Please visit the Instructions for Authors page before submitting a manuscript. The Article Processing Charge (APC) for publication in this open access journal is 2500 CHF (Swiss Francs). Submitted papers should be well formatted and use good English. Authors may use MDPI's English editing service prior to publication or during author revisions.

Keywords

  • pollutants
  • environment
  • neuro active agents
  • neurological diseases
  • neurocognitive and neurodevelopmental disorders

Published Papers (3 papers)

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Editorial

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11 pages, 314 KiB  
Editorial
Environmental Issues and Neurological Manifestations Associated with COVID-19 Pandemic: New Aspects of the Disease?
by Luigi Bellocchio, Ioana Roxana Bordea, Andrea Ballini, Felice Lorusso, Denisa Hazballa, Ciro Gargiulo Isacco, Giuseppina Malcangi, Alessio Danilo Inchingolo, Gianna Dipalma, Francesco Inchingolo, Prisco Piscitelli, Giancarlo Logroscino and Alessandro Miani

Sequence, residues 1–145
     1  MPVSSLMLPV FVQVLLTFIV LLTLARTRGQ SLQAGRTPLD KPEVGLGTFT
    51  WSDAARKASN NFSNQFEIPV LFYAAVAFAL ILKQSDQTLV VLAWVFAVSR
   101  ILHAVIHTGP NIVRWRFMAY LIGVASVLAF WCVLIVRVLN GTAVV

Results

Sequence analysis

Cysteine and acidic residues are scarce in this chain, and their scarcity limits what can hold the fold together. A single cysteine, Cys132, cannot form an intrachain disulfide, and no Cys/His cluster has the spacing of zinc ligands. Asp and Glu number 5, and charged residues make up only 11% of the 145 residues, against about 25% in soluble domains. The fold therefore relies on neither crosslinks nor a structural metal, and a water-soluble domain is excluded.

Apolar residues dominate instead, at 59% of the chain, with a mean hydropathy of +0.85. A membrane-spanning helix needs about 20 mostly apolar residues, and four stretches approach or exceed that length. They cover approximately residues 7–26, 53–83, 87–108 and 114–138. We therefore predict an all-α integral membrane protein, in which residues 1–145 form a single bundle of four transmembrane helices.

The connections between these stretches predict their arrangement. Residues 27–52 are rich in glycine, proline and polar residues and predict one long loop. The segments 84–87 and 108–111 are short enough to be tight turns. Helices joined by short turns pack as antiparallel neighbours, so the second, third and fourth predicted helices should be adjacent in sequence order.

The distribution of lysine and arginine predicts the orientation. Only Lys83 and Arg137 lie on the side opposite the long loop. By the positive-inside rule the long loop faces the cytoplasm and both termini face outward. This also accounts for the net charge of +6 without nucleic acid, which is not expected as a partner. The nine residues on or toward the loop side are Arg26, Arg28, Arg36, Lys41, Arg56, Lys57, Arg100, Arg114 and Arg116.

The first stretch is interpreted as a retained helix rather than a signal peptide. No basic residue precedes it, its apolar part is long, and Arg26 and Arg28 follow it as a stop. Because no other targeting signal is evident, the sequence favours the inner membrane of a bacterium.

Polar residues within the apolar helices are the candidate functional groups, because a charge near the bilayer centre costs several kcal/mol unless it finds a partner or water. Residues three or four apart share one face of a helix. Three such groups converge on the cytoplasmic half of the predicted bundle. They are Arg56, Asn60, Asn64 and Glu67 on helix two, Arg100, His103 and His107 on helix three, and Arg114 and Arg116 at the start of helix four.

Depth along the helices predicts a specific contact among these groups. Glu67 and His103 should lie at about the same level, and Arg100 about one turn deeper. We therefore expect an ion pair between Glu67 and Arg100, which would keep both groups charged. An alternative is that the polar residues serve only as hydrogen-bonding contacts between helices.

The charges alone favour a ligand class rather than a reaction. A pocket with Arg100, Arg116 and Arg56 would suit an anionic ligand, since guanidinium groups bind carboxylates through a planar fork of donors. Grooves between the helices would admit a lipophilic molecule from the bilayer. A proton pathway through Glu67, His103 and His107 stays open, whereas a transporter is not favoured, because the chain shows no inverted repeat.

Int. J. Environ. Res. Public Health 2020, 17(21), 8049; https://doi.org/10.3390/ijerph17218049 - 01 Nov 2020
Cited by 70 | Viewed by 3928
Abstract
Coronavirus (SARS-CoV-2) emerged in China in December 2019 and rapidly caused a global health pandemic. Current evidence seems to suggest a possible link with ecosystem disequilibrium and even air pollution. The primary manifestations affect respiratory and circulatory systems, but neurological features are also [...] Read more.